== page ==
Kill Bill -- Vol. 2

Bomb Rating: 

Given Tarantino's worship of Uma Thurman, the entire foray may be the most overblown attempt to get into a woman's pants since the invasion of Troy.

Even among Quentin Tarantino's fans, whose fawning stops just short of licking his buttocks in public, the response to splitting "Kill Bill" into two volumes released six months apart was met with the kind of skepticism usually reserved for infomercials and predictions of a Cubs World Series appearance.

With the release of "Kill Bill: Vol. 2", it's clear that the Miramax marketing monkeys have indeed put one over on filmgoers. Tarantino has so little material with which to construct a second film that the result is paced slower than C-Span on Sunday. Given Tarantino's worship of Uma Thurman, the entire foray may be the most overblown attempt to get into a woman's pants since the invasion of Troy.

Having already dispatched with Vernita Green (Vivica A. Fox) and O-Ren Ishii (Lucy Liu), The Bride (Uma Thurman) continues her quest to avenge the near-death wedding rehearsal fiasco orchestrated by her former boss, Bill (David Carradine). Standing in the way of a final showdown are Budd (Michael Madsen) and Elle Driver (Daryl Hannah). Like "Pulp Fiction," the story is told out of sequence, but here it's a liability along the lines of having Joe Eszterhas tied to your leg. There's only one fight scene longer than a stab and the characters drawl more inane, slow dialogue than bums spending the night in a detox cell.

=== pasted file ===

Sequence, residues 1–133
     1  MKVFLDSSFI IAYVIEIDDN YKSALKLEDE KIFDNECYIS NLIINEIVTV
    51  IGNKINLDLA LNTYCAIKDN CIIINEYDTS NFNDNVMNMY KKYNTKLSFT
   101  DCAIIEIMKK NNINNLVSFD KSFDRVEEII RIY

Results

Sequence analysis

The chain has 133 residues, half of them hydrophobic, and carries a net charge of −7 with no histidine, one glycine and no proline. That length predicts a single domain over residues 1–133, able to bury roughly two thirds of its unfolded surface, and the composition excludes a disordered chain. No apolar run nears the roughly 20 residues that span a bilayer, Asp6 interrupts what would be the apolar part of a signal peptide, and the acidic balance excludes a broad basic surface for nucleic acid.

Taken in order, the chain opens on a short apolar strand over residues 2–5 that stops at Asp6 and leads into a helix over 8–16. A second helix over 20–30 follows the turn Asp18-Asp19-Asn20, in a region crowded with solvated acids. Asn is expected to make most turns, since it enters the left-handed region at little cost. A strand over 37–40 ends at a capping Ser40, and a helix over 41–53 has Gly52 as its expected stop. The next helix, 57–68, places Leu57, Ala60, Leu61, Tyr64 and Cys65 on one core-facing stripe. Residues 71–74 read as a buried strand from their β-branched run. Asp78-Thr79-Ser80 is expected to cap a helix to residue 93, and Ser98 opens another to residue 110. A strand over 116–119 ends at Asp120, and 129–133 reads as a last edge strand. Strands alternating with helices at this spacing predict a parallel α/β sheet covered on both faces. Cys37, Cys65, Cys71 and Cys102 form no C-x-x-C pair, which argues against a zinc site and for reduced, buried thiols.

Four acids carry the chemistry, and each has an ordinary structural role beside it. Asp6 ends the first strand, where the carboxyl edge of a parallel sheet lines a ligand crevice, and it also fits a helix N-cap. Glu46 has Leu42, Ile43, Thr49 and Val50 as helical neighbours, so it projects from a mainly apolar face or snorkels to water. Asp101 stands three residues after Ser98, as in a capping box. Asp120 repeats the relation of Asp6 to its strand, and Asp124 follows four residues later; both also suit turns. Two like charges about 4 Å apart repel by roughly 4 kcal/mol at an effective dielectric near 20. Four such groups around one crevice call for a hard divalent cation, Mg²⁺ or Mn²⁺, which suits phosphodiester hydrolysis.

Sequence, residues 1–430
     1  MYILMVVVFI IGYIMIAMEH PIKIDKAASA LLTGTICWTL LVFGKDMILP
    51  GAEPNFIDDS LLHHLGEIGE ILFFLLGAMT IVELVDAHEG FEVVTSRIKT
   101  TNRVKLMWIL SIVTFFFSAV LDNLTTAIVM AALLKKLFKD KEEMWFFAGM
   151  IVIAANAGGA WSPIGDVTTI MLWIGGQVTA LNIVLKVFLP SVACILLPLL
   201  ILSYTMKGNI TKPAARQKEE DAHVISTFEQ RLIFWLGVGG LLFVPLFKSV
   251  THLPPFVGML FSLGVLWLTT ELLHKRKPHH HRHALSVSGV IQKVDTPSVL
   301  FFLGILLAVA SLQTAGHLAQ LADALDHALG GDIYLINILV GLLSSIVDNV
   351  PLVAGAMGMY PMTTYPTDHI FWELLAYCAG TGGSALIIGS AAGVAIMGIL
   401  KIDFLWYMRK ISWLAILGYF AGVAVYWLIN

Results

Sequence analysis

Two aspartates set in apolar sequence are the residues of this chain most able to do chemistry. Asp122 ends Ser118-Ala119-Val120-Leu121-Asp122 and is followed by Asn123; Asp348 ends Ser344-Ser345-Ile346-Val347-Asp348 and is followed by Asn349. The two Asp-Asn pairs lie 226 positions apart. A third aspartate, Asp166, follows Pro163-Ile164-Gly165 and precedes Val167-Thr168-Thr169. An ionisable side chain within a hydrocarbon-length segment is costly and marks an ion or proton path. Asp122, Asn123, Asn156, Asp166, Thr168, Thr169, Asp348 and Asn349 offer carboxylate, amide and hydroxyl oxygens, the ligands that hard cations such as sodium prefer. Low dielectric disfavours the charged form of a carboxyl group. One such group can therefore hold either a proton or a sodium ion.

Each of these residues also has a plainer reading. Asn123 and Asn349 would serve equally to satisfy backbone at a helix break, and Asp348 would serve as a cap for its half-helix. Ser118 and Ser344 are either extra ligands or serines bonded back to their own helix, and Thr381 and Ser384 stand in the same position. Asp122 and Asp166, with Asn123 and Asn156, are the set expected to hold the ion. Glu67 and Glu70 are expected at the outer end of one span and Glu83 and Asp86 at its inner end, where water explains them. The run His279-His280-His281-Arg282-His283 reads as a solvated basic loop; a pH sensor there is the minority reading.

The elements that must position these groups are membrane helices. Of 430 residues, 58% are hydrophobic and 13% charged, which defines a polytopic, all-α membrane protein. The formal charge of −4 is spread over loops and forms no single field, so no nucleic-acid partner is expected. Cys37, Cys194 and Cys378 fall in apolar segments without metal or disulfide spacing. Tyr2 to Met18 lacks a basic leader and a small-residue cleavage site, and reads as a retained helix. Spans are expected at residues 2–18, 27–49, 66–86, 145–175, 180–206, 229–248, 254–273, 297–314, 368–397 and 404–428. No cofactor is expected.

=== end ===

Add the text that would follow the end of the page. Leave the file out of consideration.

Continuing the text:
Wasting time is the rule, not the exception. The simple fact that Budd lives in a mobile home should be enough to convey the point that his life is in the dumper, but Tarantino treats us to a useless scene in an empty strip club to drive the message home - 10 minutes of my life I'll never recover. Almost every dialogue sequence is doubled through interminable pauses and lingering camera shots. We're also treated to a lengthy recounting of the wedding rehearsal, a scene that is pointless plot-wise and serves only to give Samuel L. Jackson a cameo. It becomes painfully obvious after less than fifteen minutes that "Kill Bill: Vol. 2" needed more editing than Jayson Blair. It's like Tarantino is paying homage to himself.

Watching this film is like watching the deleted scenes from a "Kill Bill" DVD that doesn't exist. Most of them would be far more interesting as CD-ROM fodder or as filler on a "Kill Bill" extended cut with Tarantino commenting that "here's a scene I really liked but just couldn't use." "Kill Bill: Vol. 2" reminds me of a history paper I once wrote where I increased the font size from 8-point to 16-point, thereby turning a crappy six page paper into a crappy twelve page one.

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